By the early nineties, Bon Jovi was already a worldwide phenomenon. Pretty much everybody knew who they were. They, along with the likes of Guns n Roses, were usually covered by amateur groups at rock shows and battles of the bands because of the showy vocals. On a night of, let's say, ten bands, at least two of them would do a Bon Jovi song. The most popular choices were Livin' On A Prayer and I'd Be There (For You).

I'd Be There is actually still the most popular choice for Videoke-ers today, haha :D

I remember watching a few impressive covers of
I'd Be There at band shows back when I was in high school. One was by these twentysomething rockers called Rust; the vocalist sang Bon Jovi but moved like Axl Rose. The other was this all-girl rock band formed by my schoolmates (and that's actually why they were impressive, especially on a night of male acts) called Blue Pearl.

I don't think my admiration was ever stoked to fangirl level, but I must admit, I was a Bon Jovi fan. I knew all their albums, knew the band members' names, knew the lyrics to their most popular songs. I owned a poster too - a gift from a friend. And since it was almost obligatory for a high school girl to swoon over some rock star, I decided to crush on frontman Jon.

Photo from here.

October 13, 1993. It was a Wednesday night. Two friends and I lined up outside the Rizal Baseball Stadium to watch Bon Jovi live. The band was on their Keep the Faith tour; both nights in Manila were sold-out.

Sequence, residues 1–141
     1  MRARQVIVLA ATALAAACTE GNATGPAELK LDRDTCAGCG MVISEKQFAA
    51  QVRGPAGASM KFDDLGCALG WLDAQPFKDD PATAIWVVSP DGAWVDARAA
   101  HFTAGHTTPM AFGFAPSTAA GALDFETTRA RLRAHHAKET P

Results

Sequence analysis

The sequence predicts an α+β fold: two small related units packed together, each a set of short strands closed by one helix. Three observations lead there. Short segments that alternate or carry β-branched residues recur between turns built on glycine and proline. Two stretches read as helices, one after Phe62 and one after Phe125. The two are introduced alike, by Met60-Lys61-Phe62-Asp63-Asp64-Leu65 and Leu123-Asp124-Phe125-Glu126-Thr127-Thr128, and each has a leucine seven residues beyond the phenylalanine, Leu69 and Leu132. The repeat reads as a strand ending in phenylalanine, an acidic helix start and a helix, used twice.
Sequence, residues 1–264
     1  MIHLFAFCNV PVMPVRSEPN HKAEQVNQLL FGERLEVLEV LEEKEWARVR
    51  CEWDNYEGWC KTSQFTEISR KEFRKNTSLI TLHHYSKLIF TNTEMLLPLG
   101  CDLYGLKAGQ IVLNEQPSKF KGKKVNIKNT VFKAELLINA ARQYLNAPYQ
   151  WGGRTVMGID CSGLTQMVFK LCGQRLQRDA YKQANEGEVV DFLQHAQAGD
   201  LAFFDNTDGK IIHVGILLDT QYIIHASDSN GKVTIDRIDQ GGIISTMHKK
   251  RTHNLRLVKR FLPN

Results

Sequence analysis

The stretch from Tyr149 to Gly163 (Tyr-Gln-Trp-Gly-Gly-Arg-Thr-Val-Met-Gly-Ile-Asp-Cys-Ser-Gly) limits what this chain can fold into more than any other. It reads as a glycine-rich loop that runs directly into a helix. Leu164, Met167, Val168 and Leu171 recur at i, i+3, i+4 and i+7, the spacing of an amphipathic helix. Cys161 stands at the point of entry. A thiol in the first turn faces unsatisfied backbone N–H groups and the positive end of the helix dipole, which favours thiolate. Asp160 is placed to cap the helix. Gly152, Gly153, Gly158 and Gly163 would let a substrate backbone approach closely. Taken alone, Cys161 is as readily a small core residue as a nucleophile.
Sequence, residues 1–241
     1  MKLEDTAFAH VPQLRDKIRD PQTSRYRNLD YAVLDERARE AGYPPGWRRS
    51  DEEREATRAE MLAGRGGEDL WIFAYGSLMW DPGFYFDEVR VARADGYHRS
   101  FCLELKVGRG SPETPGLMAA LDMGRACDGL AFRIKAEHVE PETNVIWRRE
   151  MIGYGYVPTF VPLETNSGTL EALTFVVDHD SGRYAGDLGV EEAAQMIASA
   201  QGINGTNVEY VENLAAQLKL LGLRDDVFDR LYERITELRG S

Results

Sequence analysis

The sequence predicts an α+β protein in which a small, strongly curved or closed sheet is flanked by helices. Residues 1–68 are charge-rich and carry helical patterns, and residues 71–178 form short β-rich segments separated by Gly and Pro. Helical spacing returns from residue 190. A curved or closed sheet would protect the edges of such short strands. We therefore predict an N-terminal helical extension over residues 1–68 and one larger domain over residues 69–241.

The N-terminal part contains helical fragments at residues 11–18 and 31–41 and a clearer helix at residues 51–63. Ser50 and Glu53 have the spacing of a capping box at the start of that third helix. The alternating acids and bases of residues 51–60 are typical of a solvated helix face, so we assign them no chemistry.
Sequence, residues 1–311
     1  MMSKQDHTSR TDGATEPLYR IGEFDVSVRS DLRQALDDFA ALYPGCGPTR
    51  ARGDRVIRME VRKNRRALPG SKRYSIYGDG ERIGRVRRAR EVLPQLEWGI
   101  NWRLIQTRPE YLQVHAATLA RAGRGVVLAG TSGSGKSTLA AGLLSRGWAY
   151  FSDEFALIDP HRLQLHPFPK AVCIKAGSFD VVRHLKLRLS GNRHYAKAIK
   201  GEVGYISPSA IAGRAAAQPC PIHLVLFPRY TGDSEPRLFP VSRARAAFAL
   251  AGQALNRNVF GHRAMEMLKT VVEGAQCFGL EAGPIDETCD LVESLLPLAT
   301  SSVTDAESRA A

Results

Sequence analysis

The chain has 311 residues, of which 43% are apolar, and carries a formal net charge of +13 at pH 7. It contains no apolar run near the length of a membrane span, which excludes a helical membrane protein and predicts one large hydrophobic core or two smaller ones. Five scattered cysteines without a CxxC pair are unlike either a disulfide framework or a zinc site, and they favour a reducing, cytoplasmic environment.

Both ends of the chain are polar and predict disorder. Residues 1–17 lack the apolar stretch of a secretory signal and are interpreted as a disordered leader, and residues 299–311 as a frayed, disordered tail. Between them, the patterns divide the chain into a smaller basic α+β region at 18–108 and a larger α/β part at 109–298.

And we, three high school girls, bought tickets for the first night. We had sweet-talked our parents (and submitted ourselves to needlessly paranoid harangues) to allow us to go out and stay up late on a weekday night for a rock concert. I remember standing in line feeling all excited, like I was about to be part of history or something.

I even remember what we were wearing - I had on a button-down long-sleeved shirt that had thin white fabric with blue paisley print, rolled-up dark-blue shorts and 6-hole DM knockoffs. I also wore a clear blue plastic pendant. I brought a similar pendant, exactly the same except it was violet, and gave it to my friend V that night because it was in her favorite color. V wore a see-through black button-down long-sleeved shirt with colorful sea animal print over purple pants.